Ruling puts Taiwan on verge of being first in Asia to have same-sex marriage.

The LGBT community and its supporters across Asia and the world are celebrating today after a landmark ruling in Taiwan that paves the way for same-sex marriage.
The decision cements Taiwan’s role as a trailblazer in the region, where gay rights are often contentious and same-sex sexual activity sometimes outlawed.
Longtime gay rights activist Chi Chia-Wei was one of the petitioners who brought the case to the Constitutional Court.
Chi asked the court to rule on whether the Civil Code, which defines marriage as a union between a man and a woman, was in violation of the Constitution.
The court ruled that restricting people of the same gender from marrying was unconstitutional, and it ordered the government to revise the offending article within two years.
Victoria Hsu, a lawyer representing Chi, previously said that a favourable ruling for the marriage equality platform would set a deadline for the Legislative Yuan to amend the Civil Code.
Legalising same-sex marriage, a platform that President Tsai Ing-wen campaigned hard on back in 2016, has picked up the pace in the past year. In December, lawmakers passed the first draft of a bill to amend the Civil Code in order to legalise gay marriage.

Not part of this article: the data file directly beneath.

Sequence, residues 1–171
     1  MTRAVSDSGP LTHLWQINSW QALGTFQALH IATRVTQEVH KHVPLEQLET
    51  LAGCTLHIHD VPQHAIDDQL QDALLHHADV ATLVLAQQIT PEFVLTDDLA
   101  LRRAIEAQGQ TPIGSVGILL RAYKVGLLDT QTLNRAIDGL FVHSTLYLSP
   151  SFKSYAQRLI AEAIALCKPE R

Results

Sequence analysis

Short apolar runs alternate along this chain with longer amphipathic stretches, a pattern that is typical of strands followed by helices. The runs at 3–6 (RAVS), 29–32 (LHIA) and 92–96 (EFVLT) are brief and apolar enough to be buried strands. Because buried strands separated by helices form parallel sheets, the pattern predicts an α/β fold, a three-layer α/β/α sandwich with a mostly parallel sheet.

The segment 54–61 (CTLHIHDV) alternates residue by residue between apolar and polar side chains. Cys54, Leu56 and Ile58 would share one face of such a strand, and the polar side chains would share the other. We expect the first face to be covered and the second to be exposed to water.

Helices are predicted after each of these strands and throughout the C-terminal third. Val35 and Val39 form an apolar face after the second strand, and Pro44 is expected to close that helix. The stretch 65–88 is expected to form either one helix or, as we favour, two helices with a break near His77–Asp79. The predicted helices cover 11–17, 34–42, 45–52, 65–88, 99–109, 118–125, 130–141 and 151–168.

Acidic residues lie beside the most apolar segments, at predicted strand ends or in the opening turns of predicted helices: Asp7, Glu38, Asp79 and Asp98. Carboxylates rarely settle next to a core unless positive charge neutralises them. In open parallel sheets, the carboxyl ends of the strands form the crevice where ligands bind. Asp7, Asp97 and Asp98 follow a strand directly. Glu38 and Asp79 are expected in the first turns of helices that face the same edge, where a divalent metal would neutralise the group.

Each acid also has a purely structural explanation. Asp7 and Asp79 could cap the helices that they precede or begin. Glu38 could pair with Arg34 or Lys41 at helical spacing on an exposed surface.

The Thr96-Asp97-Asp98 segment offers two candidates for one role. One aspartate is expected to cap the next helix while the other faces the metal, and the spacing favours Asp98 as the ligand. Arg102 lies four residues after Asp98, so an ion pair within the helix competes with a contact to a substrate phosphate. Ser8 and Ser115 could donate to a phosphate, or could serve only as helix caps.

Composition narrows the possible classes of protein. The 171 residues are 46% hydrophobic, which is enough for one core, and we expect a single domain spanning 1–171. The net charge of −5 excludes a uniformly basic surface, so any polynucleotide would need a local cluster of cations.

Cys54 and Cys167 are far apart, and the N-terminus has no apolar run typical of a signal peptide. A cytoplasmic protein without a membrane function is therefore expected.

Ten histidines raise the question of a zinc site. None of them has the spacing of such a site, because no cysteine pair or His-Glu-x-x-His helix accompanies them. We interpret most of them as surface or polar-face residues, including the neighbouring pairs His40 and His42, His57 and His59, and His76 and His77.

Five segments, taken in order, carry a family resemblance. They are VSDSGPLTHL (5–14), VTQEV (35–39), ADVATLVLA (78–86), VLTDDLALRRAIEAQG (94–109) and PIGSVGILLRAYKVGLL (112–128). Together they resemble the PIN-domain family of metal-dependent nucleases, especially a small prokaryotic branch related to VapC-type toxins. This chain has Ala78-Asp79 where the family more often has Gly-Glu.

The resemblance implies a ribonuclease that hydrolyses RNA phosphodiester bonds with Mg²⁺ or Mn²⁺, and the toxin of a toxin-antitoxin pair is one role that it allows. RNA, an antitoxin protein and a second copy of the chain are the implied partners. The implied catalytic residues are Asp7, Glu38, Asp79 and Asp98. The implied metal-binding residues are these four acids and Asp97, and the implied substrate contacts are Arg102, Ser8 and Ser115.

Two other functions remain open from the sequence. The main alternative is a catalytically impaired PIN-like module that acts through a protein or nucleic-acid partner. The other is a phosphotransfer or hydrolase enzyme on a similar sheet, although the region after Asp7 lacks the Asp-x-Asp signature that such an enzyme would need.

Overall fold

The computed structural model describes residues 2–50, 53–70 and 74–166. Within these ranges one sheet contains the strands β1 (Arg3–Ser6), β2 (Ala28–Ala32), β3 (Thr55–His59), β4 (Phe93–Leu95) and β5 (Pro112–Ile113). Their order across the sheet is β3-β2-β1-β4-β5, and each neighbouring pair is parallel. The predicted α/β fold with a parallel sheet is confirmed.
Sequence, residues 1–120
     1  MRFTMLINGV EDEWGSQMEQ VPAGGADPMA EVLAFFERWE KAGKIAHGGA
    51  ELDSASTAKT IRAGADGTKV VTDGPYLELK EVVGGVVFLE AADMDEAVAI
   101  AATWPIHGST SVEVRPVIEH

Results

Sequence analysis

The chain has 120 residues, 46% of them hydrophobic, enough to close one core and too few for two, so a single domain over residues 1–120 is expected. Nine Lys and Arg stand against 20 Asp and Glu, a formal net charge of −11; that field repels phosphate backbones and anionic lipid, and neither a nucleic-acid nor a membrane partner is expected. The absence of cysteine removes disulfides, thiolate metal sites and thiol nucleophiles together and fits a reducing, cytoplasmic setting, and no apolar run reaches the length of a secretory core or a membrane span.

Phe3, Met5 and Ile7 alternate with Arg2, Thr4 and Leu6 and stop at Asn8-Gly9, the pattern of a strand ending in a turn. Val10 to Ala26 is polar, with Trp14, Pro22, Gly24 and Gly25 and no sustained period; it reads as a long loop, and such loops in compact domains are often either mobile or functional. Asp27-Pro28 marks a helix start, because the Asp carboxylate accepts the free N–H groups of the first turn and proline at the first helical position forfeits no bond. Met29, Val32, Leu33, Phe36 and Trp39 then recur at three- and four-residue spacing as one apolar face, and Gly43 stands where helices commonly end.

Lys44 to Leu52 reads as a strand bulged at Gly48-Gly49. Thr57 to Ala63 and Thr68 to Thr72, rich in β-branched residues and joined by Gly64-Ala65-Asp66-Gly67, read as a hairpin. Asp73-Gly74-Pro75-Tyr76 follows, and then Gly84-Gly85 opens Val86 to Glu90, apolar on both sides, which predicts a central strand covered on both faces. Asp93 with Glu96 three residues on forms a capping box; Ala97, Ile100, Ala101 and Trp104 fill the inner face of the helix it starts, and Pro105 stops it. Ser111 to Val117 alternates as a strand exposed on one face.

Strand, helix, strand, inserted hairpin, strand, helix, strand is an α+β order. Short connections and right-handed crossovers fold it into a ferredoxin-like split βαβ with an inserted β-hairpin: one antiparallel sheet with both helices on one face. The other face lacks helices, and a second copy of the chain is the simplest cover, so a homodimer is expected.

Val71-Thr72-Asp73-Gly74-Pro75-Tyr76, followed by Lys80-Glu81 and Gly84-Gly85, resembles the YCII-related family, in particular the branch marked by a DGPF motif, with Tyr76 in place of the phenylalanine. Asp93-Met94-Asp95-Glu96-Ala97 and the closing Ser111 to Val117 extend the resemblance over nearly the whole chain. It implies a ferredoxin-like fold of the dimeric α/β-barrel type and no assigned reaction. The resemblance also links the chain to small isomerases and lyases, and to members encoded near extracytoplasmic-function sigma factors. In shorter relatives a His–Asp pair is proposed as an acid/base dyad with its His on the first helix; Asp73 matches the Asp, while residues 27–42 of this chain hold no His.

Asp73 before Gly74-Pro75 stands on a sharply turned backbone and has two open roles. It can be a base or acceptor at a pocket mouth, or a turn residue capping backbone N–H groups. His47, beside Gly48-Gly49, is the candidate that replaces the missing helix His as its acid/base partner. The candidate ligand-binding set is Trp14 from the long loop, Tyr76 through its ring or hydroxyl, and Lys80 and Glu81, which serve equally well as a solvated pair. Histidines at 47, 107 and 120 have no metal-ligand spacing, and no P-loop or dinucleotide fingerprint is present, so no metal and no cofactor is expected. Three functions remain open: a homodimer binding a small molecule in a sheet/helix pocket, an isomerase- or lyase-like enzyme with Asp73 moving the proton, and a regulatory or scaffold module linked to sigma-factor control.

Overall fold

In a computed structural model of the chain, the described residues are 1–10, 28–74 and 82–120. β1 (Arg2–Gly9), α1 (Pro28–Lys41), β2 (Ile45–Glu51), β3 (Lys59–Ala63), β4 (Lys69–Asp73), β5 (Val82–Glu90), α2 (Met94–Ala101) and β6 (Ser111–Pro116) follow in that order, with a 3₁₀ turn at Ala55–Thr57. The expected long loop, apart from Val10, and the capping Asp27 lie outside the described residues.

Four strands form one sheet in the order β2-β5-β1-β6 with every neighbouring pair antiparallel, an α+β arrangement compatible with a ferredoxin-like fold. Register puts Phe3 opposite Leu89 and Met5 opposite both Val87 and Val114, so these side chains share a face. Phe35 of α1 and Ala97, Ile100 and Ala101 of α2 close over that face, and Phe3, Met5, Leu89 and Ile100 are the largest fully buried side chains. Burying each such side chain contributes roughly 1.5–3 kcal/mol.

The bill, proposed by ruling Democratic Progressive Party Legislator Yu Mei-nu, replaces “male and female parties” in the Civil Code’s marriage chapter with “two parties.”
However, some traditionalist groups, mostly religious organisations, have sought to slow the progress toward legalisation. They have staged several large-scale protests against marriage equality, with some conservative activists demanding a referendum on the matter.
Local surveys have found same-sex marriage to be a generational issue, with younger people largely supportive of it and older people generally against it.
Despite the landmark ruling, a number of challenges still need to be overcome before the Legislature can formally legalise same-sex marriage.
Kuomintang lawmaker Jason Hsu said in a Facebook post on Tuesday night that the next step for lawmakers was determining how to amend the law. They may choose to either directly revise the Civil Code to have more inclusive language or they may legislate a separate “special law” governing same-sex marriage — an option critics say would be discriminatory.
They argue that same-sex couples should be subject to the same laws as one-man one-woman couples.
Taiwan has long been considered a beacon of LGBT rights in Asia, specifically for its annual Taipei gay pride march, the largest in Asia.